Governor Gavin Newsom declared a drought disaster there, last month.
Now, Sonoma Water and the Board of Supervisors are acting. Later this week, they will ask the State Water Board to approve taking 20% less water from the Russian River.
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"Yeah. It needs to be more. It will be more soon, I think," said Supervisor James Gore. He worries about a worst-case summer in which some people might be limited to 55 gallons per day.
Sonoma Water describes this cut as the first move they need to take in a crisis they don't want, but history is not on our side.
"It's bad. This is the lowest we have ever seen our two reservoirs at this time of year," said General Manager Grant Davis. "We're living in a world of extremes. The droughts are getting longer and hotter."
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On Tuesday, Lake Sonoma Reservoir looks as it might in October after a normal drought year. The cracked, dusty bed of Lake Mendocino resembles satellite imagery from another planet. Sonoma Water believes their low water levels mandate the cuts, which will affect anyone using Russian River water from Mendocino to Northern Marin Counties.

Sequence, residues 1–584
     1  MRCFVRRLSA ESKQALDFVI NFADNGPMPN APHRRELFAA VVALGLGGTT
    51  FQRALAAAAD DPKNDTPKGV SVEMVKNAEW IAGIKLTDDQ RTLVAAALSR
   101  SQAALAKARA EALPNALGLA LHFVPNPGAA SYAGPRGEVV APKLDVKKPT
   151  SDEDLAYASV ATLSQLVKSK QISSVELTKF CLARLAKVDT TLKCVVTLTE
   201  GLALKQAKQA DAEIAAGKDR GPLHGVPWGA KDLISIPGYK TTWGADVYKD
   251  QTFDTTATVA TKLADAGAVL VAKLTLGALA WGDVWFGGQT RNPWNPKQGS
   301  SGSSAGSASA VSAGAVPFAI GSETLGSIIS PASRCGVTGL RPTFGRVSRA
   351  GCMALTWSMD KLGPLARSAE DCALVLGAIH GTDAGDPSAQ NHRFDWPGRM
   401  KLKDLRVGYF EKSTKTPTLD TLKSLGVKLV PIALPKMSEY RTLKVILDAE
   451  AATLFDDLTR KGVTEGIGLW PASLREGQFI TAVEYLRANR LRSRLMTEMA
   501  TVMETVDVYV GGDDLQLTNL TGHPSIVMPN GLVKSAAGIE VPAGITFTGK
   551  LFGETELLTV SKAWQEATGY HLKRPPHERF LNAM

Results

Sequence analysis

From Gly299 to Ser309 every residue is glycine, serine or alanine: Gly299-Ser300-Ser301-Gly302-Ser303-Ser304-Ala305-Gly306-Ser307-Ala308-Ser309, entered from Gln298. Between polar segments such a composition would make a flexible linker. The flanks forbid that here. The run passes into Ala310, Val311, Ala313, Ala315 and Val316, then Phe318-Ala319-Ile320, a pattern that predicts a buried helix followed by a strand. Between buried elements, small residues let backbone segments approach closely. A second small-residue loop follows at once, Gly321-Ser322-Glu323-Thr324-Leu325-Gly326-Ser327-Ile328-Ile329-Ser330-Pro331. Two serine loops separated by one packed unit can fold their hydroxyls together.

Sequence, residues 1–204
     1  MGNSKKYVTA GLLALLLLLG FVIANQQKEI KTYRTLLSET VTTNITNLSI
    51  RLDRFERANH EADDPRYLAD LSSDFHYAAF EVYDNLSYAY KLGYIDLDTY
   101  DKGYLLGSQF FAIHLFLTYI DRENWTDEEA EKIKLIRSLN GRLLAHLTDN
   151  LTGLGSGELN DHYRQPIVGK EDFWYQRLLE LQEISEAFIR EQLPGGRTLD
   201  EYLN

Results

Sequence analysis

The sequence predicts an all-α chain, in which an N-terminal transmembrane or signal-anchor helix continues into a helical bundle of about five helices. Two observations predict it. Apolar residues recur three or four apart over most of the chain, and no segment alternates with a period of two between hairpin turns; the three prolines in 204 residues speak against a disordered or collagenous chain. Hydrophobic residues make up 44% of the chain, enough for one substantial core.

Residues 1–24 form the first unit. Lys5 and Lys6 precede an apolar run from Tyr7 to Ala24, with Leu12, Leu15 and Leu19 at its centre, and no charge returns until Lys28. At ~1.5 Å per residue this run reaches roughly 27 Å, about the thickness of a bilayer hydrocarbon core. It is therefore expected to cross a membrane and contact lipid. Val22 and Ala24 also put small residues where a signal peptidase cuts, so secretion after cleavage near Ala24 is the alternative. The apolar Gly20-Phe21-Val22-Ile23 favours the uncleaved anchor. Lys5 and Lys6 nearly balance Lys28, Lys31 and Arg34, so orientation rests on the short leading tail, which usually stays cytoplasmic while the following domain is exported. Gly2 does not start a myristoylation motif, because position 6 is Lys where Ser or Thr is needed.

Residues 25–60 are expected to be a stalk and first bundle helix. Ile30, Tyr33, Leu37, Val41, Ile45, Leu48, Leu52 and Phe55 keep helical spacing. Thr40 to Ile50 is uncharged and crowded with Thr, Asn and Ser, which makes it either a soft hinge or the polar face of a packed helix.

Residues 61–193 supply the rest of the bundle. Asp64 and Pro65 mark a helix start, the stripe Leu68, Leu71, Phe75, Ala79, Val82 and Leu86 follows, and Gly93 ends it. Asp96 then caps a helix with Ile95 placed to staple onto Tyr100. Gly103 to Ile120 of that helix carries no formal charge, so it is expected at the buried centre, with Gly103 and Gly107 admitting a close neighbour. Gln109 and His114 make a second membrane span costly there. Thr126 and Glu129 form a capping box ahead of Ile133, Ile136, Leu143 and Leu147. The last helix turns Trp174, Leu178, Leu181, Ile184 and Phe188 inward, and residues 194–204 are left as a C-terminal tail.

"People are going to have to look at plans to let their lawns go brown," said Gore. "They may be reusing water in buckets."
The drought portends even worse conditions for agriculture in the Alexander Valley. "I am worried about the impact to neighbors and the wine industry in general because if it impacts us severely, they won't be able to keep product on shelves," said grape grower Denny Murphy.
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Unlike others in the area, Murphy recognized signs of drought early, and acted early. He allowed rainwater runoff to fill a small reservoir on his property, and then allowed an invasive week to grow on the surface because it cuts down evaporation.
"You saw this coming?"
"I've seen 'em before," Murphy replied.
Expect a summer of dry hurt. Déj vu all over again.
"A drought is never expected," said Murphy. "But we get them."